It had been a great week at the Meraki Engineering offsite at Hyatt Lost Pines just outside of Austin, but I still had a few days before my flight back to San Francisco. I had two nights to make the most of, which was enough to do something fun – but also not enough time to do anything too adventurous.
In the end, I settled for renting another car, and driving out to see Houston, the Gulf of Mexico, and most importantly for me – the NASA Johnson Space Center! (yes, it’s spelt center). The adventure started with a long stretch of driving, trying to get to Galveston as early as possible. The week saw several short, but intense storms roll through, which made me reminisce of the afternoon storms of a summer in Brisbane. The skies remained dark on the drive, but there were only isolated showers along the way. That’s not to say that the weather was in any way pleasant, because it wasn’t. The winds were whipping up the waves on the coast, mixed with surprise horizontal downpours when you walked too far from the car.
Arriving in Galveston, I was a little at loss about why I decided to visit Galveston. I went to visit the pier, but even though it looked rather out-dated and a little run down, there was a significant entrance fee to enter – and the rides were additional on top of this.
What did catch my eye though, were the enormous houses on stilts. The sheer size of these wooden houses confused me. Did a single family live/visit here? It was a shame that the weather wasn’t more co-operative, as I’d imagine that this stretch of coastline is rather pretty when it’s at its best.
I was really taken aback by this cemetery, and thought more cemeteries should be covered by a field of flowers like this.
I also went to visit Kemah Boardwalk, which was a recommendation from a Texan local. Driving between Galveston and Kemah, I was reminded of Texas’s petroleum production, which I hadn’t really thought too much about until now – and I’m sure there are other areas of the state that have more oil/gas production happening.
I came to realise too late, that it wasn’t really worth the detour to visit this boardwalk. I’m not quite sure what I was hoping to find, but what I did find was a small amusement park by the water, and a whole lot of closed shops. There were a few bars and restaurants in the surrounding area, all preparing busily for the summer months, but not enough to want me to spend any more time than I already had.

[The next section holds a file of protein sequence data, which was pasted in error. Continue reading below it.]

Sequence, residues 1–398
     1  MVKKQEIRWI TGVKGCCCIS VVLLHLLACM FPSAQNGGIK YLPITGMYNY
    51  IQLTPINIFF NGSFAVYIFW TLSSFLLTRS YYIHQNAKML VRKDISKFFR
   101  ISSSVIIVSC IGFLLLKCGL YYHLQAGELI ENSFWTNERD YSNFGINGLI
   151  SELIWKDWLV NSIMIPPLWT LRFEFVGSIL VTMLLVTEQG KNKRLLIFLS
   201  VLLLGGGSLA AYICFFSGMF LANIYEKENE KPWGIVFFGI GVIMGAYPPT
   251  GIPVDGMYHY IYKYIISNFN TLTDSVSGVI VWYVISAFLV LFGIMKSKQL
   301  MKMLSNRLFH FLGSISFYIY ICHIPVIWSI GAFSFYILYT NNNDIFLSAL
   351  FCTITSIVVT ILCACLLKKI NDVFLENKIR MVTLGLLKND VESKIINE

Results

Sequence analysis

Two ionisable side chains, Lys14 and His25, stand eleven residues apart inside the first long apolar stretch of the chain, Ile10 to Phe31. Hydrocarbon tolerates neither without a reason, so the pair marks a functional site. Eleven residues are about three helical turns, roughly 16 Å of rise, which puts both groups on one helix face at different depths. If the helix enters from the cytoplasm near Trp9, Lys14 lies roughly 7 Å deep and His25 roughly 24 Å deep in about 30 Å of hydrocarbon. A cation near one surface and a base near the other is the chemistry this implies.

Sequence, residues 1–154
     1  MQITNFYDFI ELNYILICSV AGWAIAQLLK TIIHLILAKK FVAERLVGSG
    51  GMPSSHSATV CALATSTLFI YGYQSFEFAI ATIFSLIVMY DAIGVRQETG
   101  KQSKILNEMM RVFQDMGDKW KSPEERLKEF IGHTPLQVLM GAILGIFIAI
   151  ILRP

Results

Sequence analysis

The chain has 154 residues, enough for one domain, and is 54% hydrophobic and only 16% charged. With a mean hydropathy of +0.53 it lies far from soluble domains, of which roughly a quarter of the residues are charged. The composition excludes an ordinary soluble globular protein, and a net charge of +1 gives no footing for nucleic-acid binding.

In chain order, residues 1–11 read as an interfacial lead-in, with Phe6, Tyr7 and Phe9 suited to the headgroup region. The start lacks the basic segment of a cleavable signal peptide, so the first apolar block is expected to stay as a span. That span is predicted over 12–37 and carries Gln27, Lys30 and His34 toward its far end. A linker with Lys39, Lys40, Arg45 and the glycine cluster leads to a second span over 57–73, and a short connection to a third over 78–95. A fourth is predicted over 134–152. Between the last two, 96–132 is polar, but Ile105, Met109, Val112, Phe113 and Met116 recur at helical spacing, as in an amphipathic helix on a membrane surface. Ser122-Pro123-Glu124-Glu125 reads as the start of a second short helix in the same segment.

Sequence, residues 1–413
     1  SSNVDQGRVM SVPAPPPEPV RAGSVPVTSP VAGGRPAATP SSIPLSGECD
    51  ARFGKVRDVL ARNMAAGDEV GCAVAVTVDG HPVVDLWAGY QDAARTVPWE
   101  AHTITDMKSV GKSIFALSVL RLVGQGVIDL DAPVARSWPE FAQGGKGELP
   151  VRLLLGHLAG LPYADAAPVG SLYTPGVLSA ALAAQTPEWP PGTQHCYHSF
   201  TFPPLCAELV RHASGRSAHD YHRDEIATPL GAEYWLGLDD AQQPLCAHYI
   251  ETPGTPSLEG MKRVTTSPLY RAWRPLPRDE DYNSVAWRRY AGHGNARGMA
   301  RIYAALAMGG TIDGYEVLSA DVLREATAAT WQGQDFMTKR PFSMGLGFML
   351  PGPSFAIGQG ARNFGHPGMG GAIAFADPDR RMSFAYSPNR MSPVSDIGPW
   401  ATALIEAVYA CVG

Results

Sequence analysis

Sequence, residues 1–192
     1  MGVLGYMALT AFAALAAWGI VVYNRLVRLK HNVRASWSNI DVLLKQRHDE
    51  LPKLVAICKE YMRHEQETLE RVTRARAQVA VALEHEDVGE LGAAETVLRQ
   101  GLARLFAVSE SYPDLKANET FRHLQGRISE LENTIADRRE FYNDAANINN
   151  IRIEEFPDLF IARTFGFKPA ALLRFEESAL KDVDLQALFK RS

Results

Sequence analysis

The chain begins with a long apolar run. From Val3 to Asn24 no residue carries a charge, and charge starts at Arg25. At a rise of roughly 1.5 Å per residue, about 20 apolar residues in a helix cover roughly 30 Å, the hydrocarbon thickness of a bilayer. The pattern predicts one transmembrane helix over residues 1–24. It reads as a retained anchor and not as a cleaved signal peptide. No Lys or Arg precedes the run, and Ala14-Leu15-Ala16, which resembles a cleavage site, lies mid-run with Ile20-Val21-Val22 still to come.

Now I was forced to make a decision about what to do tonight. I was currently by the NASA centre, but there was nothing else to do out here. The alternative would be to drive back in to Houston and come back here in the morning – and that’s what I decided to do.
I found a cheap hostel, Wanderstay, on the outside of Houston. I checked in, changed, and quizzed the staff about places to go and things to do in the city – I was initially hoping to find somewhere to get a nice sunset view of the city, which looked interesting from the elevated motorway, but she had no suggestions. I decided to leave the camera behind, at the recommendation of the receptionist – since I planned to be walking around at night anyway, I didn’t see a need to drag more weight with me.
The walk took me through some areas that did make me feel uncomfortable, so I was glad I took her advice and left the camera behind. A further 30-minutes of walking past non-descript residential area, and I was even happier to not be dragging along additional weight. I also took the receptionists advice to visit a taco restaurant for dinner – yes, I chose tacos again this trip. They were a little more gourmet than the ones I’d been consuming in Austin, but still felt like street tacos – unlike some of the fancy (and delicious) places in San Francisco. The neighbourhood felt kind of arty, and had a bit of a hipster vibe to it – but a few blocks further, and I was out.
With no other plans or guidance, I just kept walking, looking on the map for concentration of bars/restaurants as my only real guidance. I’d tried to read up on Houston before I came, but I struggled a little bit to find a good suggestion. My wanderings did take me right past a Shake Shack, so I stopped by for a shake (and to use the bathroom). It just so happened that the NBA playoffs were on TV, with Golden State playing (and beating) Houston Rockets – which the majority of the restaurant didn’t seem to take too well…
I was a little disappointed at my time in Houston, but it’s an enormous city, and I really struggled to find where to go (as a solo traveller) to make the most of a few hours of an evening. Hopefully if I return, I get a little more guidance – and enjoyment – out of a trip.